I repressed the doubts, but after that I couldn’t take the religion as seriously as I had up to that point. In the following year, I witnessed numerous conversations between atheists and Christians online. One day in the spring of 2007, I flipped Book TV on and saw Richard Dawkins talking to a group of people at Randolph-Macon Women’s College about his new book The God Delusion. When he read that famous opening paragraph that inaugurated the second chapter, I was stunned. No one had ever, in my life, put the horrors of the Old Testament so squarely and bluntly in my face like that before. As a Christian my peers and I had always tiptoed around it, and whenever we encountered a difficult passage, we shrugged our shoulders and assumed there must be a reason God did it, and we’re not to question his purpose. But part of me never stopped questioning. I call this aspect of my personality “the real me.” It’s the personality that I am today. My entire life was a constant battle between Real Me and Jehovah’s WItness Me. But watching Richard Dawkins on Book TV that one afternoon distracted JW Me long enough for Real Me to give it a right hook it would never, ever recover from.

A few days after that, I was typing on some forum and I absent-mindedly typed the words “I’m an atheist” in the comment box. I stared at those words for a long time. In fact, I left them on the screen and went to bed. I asked myself if I was only staying a Jehovah’s Witness so I wouldn’t be shunned by everyone I had ever cared about. The answer, of course, was yes. I got back up, clicked the “Submit” button, and an incredible feeling of relief washed over me. I had just told the world that I was an atheist. I no longer had to hate gay people. I no longer had to keep everyone who wasn’t part of my tiny subculture at arm’s length for fear of corruption. I no longer had to feel guilty about reading a book or novel I wanted to read because I wasn’t “caught up” on Watchtower literature. I no longer felt anything stopping me from going to the nearest book store and purchasing a copy of The God Delusion, which is exactly what I did the next day (strangely enough, I found it in the Judaism section). 

I didn’t leave the faith straight-away. I knew I couldn’t take being alone. So I planned a slow fade. I spent the next few years building up friendships and support structures to replace what I would soon be losing. During that same period, I withdrew from Jehovah’s Witness life, participating less and less until when people finally found out I had committed one of their serious sins, I was so far gone their shunning really didn’t matter anymore.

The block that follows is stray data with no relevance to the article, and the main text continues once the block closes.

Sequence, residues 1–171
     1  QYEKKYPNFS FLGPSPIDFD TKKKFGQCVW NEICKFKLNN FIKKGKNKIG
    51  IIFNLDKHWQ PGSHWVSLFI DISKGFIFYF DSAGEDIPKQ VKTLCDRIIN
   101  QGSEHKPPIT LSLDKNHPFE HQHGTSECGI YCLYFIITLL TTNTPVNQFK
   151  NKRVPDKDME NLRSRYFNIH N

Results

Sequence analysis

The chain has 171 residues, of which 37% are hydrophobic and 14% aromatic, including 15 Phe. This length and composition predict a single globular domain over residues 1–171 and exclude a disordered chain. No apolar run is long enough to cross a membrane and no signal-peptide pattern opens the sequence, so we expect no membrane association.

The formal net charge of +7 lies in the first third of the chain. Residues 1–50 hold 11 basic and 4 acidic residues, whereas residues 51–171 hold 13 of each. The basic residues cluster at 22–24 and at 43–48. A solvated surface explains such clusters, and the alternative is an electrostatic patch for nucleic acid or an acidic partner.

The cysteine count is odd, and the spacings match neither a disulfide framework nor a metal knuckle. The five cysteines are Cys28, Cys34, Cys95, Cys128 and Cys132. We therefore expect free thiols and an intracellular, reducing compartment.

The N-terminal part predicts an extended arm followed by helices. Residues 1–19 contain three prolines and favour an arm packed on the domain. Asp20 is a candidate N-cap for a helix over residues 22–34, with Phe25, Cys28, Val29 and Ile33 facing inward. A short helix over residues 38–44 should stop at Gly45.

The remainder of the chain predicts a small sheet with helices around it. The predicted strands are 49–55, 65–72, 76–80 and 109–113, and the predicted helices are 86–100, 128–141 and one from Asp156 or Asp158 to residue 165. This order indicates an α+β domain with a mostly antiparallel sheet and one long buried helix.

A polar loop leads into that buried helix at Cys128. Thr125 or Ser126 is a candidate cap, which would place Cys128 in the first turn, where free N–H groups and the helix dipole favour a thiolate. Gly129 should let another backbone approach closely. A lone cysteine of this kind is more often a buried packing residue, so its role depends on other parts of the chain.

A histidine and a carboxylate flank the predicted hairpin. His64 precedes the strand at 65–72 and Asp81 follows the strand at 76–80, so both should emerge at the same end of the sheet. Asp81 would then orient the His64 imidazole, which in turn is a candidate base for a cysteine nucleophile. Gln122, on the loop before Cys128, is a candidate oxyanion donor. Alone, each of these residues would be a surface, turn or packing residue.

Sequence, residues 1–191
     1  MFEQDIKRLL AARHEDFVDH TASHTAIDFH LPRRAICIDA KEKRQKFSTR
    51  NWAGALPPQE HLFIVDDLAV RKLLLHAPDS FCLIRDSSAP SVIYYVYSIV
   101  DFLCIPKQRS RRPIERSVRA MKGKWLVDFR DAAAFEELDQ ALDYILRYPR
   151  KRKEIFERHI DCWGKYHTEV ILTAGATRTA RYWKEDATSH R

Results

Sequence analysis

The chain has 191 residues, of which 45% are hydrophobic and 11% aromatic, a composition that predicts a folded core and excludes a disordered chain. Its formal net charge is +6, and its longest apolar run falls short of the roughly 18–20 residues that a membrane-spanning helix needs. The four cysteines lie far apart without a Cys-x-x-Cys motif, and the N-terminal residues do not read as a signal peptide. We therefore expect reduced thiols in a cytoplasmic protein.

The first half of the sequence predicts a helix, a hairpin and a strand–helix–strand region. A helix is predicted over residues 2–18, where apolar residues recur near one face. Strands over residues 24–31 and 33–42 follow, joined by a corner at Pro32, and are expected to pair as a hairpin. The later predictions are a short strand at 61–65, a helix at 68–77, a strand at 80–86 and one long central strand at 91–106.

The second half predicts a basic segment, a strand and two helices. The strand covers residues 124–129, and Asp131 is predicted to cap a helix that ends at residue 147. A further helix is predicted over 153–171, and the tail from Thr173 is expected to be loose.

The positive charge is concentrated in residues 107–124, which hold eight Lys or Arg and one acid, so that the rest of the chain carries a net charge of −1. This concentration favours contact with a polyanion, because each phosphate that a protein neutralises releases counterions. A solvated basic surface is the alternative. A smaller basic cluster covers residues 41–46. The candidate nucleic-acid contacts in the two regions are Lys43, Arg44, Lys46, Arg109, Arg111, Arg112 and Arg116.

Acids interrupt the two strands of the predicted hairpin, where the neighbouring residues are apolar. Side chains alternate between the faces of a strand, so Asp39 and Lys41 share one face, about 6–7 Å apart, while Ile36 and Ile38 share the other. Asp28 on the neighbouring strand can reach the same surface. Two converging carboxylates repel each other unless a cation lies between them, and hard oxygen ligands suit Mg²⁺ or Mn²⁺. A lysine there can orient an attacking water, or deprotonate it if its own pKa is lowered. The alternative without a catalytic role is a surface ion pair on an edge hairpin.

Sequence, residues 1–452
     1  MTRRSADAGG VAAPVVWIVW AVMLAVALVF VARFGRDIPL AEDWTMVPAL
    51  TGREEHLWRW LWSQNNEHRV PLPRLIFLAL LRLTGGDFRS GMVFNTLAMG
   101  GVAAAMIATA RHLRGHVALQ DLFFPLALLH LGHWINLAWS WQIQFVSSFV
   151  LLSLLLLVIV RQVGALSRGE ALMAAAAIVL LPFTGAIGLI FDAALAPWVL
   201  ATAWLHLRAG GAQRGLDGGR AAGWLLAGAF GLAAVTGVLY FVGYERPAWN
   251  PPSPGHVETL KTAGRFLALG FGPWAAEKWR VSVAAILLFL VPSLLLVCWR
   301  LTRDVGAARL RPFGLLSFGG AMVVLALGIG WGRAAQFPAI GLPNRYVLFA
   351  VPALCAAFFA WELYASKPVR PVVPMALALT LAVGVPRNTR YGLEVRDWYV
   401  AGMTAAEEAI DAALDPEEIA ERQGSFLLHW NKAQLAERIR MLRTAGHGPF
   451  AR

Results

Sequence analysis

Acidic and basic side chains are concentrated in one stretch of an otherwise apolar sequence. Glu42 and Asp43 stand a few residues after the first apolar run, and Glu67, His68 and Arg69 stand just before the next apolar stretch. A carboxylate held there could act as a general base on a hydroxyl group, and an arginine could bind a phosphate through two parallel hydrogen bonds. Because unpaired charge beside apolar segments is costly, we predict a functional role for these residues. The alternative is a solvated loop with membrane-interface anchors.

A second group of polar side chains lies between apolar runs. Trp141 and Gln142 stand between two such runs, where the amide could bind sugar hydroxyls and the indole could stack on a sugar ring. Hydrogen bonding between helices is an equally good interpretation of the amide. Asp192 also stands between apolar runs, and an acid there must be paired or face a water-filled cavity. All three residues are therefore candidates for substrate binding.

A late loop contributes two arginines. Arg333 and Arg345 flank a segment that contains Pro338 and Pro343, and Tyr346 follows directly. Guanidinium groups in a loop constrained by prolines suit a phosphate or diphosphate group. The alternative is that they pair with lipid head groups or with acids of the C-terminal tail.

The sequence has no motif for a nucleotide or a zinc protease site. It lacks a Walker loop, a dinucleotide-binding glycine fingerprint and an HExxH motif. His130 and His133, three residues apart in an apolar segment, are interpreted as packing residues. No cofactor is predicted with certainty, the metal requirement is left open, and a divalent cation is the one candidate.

There are far more details in this story, of course, but they could fill a novel if I’m not too careful. Suffice to say, I’m an atheist because being free to believe and live leads to a far happier life that one of remaining in a closed community to maintain family ties.



  1. skmarshall says

    Well written!

    I had a girlfriend many years ago who told me about being shunned by her mother and her JW congregation at about age 12… (for nothing more than normal 12 year-old girl stuff, as far as i could tell). Apparently being shunned at that age in her congregation meant being forced to go to all the meetings and activities while everyone around you PRETENDS YOU DON’T EXIST. Is anything that damaging to someone that age not child abuse?

    I’m glad you made it through.


  2. says

    *Jehovah’s Witnesses are the ‘perfect storm’ of deception*

    I too endured ritual cultic emotional,physical abuse from the Jehovah Witnesses. I was ‘born in’ 1957 to hard core ‘pioneer’ missionary parents who were reviled for getting ‘knocked up’ with yours truly.
    My family started out broken by the watchtower cult and stayed poor, we lived hand to mouth and the watchtower ruled us with an iron fist.
    Had a brutal time going to school during the ‘better dead than red’ super nationalism of the early 1960′s. I got beat up in the school yard while the Watchtower/Jehovah’s Witnesses leaders who ran my show and made my rules had personal bodyguards.

    They made us all dysfunctional with their 1975 end of the world coming fiasco (it’s all your fault for serving Jehovah for a date) I was deprived of medical care for my severe ulcerative colitis as a direct result of the 1975 prediction.–